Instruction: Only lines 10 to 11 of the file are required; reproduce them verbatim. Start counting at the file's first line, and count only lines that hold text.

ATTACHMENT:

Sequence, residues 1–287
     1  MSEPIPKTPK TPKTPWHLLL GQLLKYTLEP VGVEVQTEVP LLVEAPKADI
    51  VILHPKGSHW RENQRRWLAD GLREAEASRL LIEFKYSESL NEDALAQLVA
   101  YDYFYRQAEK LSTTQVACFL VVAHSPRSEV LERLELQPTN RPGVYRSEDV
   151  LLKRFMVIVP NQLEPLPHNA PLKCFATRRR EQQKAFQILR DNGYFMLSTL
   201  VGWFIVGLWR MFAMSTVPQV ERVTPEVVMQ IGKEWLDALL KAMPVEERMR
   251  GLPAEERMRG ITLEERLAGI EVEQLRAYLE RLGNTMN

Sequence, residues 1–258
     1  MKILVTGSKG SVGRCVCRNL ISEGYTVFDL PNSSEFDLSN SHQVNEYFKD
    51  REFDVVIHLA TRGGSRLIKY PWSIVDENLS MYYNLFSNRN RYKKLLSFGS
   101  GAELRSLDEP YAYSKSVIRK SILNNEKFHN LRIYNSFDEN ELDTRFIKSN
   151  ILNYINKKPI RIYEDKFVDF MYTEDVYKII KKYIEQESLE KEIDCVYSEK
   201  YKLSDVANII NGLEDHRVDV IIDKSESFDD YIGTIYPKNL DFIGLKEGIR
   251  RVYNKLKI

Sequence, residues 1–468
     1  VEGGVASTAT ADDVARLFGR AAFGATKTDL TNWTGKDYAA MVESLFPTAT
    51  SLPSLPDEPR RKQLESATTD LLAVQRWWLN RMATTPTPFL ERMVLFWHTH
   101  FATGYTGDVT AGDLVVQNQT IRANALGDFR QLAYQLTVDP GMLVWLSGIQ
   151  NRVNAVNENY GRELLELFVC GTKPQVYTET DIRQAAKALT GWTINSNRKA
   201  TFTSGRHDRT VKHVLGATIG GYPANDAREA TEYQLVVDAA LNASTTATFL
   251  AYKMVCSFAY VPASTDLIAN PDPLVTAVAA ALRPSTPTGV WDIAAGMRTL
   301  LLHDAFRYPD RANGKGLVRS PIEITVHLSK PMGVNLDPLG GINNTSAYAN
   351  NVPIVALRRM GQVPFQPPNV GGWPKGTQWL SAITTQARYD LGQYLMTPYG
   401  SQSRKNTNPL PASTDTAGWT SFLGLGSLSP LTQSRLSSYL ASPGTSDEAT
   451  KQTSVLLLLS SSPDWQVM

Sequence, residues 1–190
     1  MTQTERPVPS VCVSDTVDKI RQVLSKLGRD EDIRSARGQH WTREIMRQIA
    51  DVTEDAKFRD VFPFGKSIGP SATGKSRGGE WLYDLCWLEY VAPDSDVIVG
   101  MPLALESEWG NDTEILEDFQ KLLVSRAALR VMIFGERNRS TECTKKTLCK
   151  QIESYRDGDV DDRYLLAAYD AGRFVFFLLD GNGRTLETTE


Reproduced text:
    51  REFDVVIHLA TRGGSRLIKY PWSIVDENLS MYYNLFSNRN RYKKLLSFGS
   101  GAELRSLDEP YAYSKSVIRK SILNNEKFHN LRIYNSFDEN ELDTRFIKSN